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We all struggle to be creative on demand. This is why if we want to come up with a great idea we can’t tell ourselves to come up with a great idea. We must instead go for a walk, or read a book, or join a conversation. All we can do is clear space in our calendar for creativity. This might mean reserving an hour first thing in the morning to write or paint or strum. Or it might mean taking a break when we feel that’s the last thing we have time for.

We would all love to be art machines like Andy Warhol – churning out piece after piece in the factory. What we forget is that Andy Warhol was an artistic genius. He was one of New York’s greatest art directors before becoming an artist. He wasn’t a run of the mill artist with a big heart. He was a creative machine. For the rest of us, the lesson is simple. When we try and manufacture art, the art feels manufactured.

A good example is when I record the podcast intro for Monkey Brain. In the past, I would record two attempts. The first, I mispronounced words, botched sentences, and in many instances, lost sight of the point. But it wasn’t manufactured. It was authentic. The second attempt was more polished, more fluent, more coherent. But it was also more staged. It sounded forced and unnatural. Today, I run with the first attempt, regardless of how much it makes me cringe, because a raw-feel trumps a manufactured-feel.

The reason raw is better is because it embodies more emotion. And if we get the emotion right, the audience is forgiving. After all, that’s what they came for. If they wanted a lesson, they would ask themselves for advice. What they really want is to feel they’re not alone. They want to hear their own words, and their own emotions, relayed through someone else.

If the first piece to good art is emotion. The second piece is story. We all want to hear a good story. I’ve talked about this in How Fiction Evolved Mankind. What we often overlook is that, at the core, stories centre around one thing and that’s revealing character. We are taught that stories also involve a setting, a plot, a conflict, a villain, and a resolution. This is true. However, all these devices act solely to setup and transform the main character.

In real life, we use all the same devices, but we often don’t give our characters (or ourself) time to unfold. An example of this is preparing people for camera. The more we prepare someone who is not a trained performer, the more wooden they become. They big up the moment in their head and force the performance. Even a trained actor comes across as somewhat manufactured. This is why we continue to use Marlon Brando’s name when we refer to the acting “elite” – because he was the first actor to deliver a truly authentic experience on stage.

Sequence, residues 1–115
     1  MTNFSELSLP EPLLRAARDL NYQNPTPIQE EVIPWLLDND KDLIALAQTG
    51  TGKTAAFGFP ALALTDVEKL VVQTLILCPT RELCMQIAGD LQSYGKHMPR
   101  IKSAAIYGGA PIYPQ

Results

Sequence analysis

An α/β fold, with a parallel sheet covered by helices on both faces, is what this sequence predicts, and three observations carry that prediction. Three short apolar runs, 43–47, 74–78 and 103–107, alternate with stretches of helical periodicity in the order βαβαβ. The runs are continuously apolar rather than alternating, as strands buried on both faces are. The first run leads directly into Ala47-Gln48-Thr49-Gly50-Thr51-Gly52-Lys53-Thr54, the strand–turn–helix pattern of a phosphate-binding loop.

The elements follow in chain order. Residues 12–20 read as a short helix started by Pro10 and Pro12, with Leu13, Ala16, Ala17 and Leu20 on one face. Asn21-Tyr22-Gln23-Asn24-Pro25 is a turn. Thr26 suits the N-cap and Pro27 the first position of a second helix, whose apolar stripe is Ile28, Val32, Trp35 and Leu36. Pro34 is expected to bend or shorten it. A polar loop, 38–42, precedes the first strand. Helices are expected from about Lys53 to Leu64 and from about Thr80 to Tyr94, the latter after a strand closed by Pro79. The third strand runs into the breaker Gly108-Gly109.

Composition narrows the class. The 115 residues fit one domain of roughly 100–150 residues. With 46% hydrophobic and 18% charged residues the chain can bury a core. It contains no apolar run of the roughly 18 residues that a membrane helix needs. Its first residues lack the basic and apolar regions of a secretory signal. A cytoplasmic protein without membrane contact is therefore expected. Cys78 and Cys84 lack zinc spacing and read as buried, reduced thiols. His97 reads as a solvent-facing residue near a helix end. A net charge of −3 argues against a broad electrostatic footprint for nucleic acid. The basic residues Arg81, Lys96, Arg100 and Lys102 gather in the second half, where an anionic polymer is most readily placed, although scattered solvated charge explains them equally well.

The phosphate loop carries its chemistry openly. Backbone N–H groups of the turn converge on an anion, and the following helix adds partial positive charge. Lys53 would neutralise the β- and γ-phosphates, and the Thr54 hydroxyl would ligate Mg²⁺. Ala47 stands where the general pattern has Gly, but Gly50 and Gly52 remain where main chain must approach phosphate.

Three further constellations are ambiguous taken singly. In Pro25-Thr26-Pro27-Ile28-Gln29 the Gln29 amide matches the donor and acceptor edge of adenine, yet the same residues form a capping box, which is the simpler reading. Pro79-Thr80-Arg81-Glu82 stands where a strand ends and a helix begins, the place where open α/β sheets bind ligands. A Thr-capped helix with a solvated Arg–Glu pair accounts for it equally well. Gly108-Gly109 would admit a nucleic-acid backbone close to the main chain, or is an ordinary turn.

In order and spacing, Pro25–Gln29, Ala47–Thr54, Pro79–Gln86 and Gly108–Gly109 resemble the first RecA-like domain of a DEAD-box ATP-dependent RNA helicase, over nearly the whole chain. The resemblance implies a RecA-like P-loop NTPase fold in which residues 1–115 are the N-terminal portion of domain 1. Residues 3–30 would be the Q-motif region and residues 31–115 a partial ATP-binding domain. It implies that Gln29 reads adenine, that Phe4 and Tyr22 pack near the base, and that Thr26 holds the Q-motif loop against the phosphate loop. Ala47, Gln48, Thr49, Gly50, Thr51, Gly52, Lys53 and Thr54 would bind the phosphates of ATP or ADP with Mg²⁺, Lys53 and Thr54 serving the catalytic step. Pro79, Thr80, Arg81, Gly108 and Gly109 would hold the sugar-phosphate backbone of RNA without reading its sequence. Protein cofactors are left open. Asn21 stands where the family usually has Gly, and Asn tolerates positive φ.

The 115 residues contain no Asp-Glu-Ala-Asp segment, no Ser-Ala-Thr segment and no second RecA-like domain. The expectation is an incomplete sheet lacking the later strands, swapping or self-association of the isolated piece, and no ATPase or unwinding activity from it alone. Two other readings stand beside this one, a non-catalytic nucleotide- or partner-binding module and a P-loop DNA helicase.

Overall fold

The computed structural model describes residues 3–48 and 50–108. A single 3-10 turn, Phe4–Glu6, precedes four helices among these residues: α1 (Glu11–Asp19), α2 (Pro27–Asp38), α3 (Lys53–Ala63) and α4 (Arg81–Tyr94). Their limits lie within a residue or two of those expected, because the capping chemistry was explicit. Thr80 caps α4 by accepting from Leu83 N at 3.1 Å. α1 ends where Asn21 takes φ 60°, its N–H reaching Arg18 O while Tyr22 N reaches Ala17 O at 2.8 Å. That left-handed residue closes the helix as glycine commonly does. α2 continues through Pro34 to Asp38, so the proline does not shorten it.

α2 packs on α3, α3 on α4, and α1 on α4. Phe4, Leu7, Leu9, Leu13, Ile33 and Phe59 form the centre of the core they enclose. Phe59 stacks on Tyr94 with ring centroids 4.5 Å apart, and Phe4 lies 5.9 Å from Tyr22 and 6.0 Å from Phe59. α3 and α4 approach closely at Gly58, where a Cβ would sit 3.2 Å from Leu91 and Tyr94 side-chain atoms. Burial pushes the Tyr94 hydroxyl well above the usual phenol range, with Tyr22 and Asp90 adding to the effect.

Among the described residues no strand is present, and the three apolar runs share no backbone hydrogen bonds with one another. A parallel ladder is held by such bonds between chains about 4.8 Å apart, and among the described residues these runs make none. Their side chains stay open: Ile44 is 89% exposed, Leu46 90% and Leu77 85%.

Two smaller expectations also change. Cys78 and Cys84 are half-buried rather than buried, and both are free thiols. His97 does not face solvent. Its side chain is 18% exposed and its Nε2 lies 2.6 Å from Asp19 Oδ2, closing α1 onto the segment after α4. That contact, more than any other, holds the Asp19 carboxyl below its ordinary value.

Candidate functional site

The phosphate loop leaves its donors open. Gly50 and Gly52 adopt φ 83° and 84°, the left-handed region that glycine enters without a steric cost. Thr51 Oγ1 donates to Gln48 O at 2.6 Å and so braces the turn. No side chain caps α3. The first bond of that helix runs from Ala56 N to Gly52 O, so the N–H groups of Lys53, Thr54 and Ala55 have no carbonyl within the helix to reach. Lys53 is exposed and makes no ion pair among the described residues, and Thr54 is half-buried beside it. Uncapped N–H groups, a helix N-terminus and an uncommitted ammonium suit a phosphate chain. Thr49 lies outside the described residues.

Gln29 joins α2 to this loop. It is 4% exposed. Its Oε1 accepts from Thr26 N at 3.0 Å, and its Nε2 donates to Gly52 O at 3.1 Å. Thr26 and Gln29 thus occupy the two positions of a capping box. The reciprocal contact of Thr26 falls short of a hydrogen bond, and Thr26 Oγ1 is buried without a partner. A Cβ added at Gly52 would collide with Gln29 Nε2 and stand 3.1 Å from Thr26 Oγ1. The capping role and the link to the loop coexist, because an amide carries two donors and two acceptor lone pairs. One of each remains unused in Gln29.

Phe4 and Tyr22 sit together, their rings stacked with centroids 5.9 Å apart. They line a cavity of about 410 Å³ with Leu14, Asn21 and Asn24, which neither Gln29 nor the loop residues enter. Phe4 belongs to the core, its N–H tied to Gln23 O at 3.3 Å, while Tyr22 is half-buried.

On the flip side when we pull someone in from the street and sit them down without the big lights, and big cameras, and big crew, they relax because they have no expectations. They breathe and they transform right there and then on the spot. We see their pupils dilate when they recall a story that perfectly compliments their point. We see their pain when they recall loss. We hear their voice falter and their emotion run pure. And whilst we can say they weren’t as articulate and on point as we hoped, the emotion was just right. The viewer witnessed the character reveal themself right there in front of them. This is something that can’t be scripted, and this is the stuff we crave.

We monkeys are simple creatures. We want to connect – that’s it. So set yourself free. Give yourself room to breathe. Embrace the fumbles. And let yourself transform.


Rick Ruben, The Seclusive Zen Master

We try to go on a journey and let the artist discover who they are. And in the process the best art comes from them. It’s like getting them to be their true selves and taking away all of the distractions. There are so many things that get in the way of the artistic process. For example, commercial considerations. If you’re trying to make music to get on the radio, chances are you wont be using your own voice to its most potent – to its most singular. You won’t find what your personal gift is. The closer you are to the source the less distracted you are by any nonsense that could get in the way of making the art as good as it can be. For instance, concern about what other people think. Competition. Wanting to do better than someone else. Self doubt. Ego.

Try not to think too much. Creativity is more emotion and ‘heart’ work than it is ‘head’ work. The head comes in after to look at and organise the work the heart has created. Inspiration is not an intellectual activity. All we can do is engage in activities that allow us to tune into inspiration.